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wattacetti

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Posts posted by wattacetti

  1. Banyuls is a sweet-ish fortified wine from the Banyuls AC of the Languedoc-Roussillon. Predominantly Grenache, though Macabéo and Malvoisie can also be used.

    For a non-sweet suggestion, if you can find some, Château Kefraya's Comte de M (Syrah, Cabernet Sauvignon; comes from Lebanon's Bekaa Valley) drinks very well with chocolate.

    Others I know like Saumur and other Cabernet Franc-based wines but I'm personally not too crazy about the vareital.

  2. We started the day off with these

    gallery_16307_4211_92533.jpg

    chocolate pancakes.  Photogenic they're not, but they were very good.  I made them with Pernigotti cocoa, which is very red, and gave them an intense look.

    Except for the maple syrup ( :wacko: ), they look pretty good and closely resemble the dark and white chocolate cookies that I'm staring at here in Air Canada's lounge. Damn! now I have to have to have a cookie.

    Didn't realize that you were going to do every meal with chocolate too. This is going to be an interesting day of posts...

  3. How do you prepare sea asparagus?  These grow widely where my parents live, I've been interested in eating them (pulled up a sprig & munched it -- bleah too salty-sandy).  Do you cook it?  Or eat it raw?  Can you eat it like a side dish or is it more commonly used for garnish only?  Thanks!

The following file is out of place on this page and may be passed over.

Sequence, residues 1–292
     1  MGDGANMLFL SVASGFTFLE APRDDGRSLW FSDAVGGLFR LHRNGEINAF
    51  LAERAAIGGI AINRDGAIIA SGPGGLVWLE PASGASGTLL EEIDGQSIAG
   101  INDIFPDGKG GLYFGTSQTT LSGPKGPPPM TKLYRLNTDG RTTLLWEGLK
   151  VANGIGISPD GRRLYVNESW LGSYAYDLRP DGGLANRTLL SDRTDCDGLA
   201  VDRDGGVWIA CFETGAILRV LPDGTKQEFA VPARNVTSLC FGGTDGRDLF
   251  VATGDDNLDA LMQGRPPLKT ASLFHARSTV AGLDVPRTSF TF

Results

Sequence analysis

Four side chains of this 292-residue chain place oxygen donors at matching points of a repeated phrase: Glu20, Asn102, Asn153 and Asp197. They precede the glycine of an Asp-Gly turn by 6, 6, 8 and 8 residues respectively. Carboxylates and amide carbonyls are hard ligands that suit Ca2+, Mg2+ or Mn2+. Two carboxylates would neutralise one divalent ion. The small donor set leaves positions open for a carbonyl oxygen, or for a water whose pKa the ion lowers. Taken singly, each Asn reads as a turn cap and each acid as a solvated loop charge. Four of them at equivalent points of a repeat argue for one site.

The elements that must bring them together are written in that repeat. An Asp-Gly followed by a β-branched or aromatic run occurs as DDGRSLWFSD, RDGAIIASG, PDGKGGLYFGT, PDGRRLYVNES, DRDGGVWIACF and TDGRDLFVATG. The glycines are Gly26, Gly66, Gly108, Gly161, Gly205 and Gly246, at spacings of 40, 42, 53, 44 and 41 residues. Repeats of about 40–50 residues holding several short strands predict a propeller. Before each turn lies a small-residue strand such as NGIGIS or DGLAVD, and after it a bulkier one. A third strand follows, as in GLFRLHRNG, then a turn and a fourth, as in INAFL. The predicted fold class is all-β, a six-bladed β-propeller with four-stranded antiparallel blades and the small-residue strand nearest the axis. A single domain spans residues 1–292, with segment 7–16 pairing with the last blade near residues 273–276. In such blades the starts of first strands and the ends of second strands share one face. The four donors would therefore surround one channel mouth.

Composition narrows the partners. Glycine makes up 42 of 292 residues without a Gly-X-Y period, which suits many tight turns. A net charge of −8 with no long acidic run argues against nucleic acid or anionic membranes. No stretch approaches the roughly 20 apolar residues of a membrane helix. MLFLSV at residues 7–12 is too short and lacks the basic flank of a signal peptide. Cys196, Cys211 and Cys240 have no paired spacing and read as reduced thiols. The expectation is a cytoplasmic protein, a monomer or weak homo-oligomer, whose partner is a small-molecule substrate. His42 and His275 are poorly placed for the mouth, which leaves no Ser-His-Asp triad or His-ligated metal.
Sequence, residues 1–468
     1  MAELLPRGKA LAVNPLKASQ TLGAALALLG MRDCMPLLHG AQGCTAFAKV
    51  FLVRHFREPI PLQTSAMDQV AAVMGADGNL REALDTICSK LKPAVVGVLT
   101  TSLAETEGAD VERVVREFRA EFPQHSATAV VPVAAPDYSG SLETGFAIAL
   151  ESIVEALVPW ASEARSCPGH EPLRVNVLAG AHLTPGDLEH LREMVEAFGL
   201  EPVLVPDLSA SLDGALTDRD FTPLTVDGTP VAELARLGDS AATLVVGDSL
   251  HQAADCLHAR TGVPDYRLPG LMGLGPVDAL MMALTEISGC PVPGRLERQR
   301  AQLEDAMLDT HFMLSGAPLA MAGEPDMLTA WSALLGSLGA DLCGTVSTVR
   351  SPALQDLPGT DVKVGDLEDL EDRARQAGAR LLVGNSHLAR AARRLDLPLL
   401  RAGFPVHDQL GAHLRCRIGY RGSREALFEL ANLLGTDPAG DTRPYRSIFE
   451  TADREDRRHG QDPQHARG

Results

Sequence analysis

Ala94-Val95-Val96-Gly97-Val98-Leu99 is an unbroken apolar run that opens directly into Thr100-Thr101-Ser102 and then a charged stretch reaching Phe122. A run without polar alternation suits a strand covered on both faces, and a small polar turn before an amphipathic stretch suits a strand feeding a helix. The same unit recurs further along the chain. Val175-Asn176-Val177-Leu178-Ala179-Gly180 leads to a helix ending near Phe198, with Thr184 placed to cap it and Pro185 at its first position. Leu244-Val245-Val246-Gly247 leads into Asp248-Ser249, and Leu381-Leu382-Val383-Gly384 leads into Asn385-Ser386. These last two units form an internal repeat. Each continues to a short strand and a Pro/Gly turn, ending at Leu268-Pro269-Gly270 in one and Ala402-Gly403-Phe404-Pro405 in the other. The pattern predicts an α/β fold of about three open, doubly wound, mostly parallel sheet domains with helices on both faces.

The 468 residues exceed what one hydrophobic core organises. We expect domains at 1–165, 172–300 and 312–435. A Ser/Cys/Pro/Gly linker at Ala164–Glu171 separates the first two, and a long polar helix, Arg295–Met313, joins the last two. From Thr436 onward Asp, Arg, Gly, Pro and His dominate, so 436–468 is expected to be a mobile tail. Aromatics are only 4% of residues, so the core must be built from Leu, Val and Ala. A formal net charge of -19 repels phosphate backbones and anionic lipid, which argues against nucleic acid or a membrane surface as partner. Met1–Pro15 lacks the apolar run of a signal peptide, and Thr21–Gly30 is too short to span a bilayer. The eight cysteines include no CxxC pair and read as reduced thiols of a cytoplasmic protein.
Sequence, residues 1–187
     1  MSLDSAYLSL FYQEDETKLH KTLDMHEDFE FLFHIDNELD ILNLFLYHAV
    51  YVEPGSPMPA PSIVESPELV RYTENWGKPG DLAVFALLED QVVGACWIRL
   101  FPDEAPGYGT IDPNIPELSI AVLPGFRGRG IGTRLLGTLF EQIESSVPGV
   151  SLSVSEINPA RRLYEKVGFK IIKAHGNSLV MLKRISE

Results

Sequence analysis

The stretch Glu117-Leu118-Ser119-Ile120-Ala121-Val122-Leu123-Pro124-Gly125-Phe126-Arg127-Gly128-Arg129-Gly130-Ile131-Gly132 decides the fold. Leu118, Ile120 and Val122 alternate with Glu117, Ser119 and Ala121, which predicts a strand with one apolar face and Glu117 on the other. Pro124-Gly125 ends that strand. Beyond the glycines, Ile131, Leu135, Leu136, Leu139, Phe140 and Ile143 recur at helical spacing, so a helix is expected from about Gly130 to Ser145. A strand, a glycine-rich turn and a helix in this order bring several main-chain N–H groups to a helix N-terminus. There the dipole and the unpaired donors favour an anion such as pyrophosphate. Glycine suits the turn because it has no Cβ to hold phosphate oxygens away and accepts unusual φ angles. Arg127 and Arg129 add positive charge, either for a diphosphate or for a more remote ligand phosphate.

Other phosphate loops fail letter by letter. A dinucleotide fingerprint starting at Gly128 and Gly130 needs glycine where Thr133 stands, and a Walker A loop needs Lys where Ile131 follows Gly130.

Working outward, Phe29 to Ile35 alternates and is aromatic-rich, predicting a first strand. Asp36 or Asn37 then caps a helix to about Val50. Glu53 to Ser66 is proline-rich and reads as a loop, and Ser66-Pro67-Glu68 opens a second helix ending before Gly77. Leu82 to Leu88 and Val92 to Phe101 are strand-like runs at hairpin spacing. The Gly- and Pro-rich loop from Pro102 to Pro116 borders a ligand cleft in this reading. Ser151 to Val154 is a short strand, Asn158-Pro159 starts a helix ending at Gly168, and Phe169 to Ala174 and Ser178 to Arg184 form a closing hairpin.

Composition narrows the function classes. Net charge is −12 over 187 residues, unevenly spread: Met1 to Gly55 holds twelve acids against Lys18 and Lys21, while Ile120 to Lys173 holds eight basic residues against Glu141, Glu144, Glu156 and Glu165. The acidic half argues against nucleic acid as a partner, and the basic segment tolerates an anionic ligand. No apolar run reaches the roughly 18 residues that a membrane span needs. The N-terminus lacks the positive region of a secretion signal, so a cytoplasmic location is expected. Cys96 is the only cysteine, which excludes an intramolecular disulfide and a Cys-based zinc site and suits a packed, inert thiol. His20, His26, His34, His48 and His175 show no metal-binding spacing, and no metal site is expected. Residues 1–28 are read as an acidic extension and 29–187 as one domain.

You can eat the stuff raw (which I did in my prep) or it can be blanched, refreshed and then used for other purposes. I've usually only served the stuff in small quantities (garnish or small component of a larger dish) primarily because of cost though there's also a question of balance. Can't really see anyone having/wanting a huge quantity of the stuff.

  4. I WANT that phone! The pictures are great, and the food is beautiful. Please tell, though, what the stalk-y greens are? I though maybe infant asparagus, but not like any I've ever seen. Beautiful, just beautiful!

    Sea beans if I'm not mistaken right? Although I think there are other names for them.

    Sea beans is right. Also known as sea asparagus, salicorne, slender glasswort, and (I think) samphire. Crunchy salty goodness.

    Philadelphians: nice potluck there! I work with people from your area but all I can imagine them preparing is grilled chicken Caesar salad.

  5. wattacetti I LOVE the duck potatoe dish- something similar has been in my head as an amuse.... did you just boil the potatoes??

    I didn't have the time. The potatoes ("grelots"; new potato) were zapped in a microwave for a couple of minutes before being hollowed out and filled with confit and duck fat. Heated through in a toaster oven before being singed with the torch.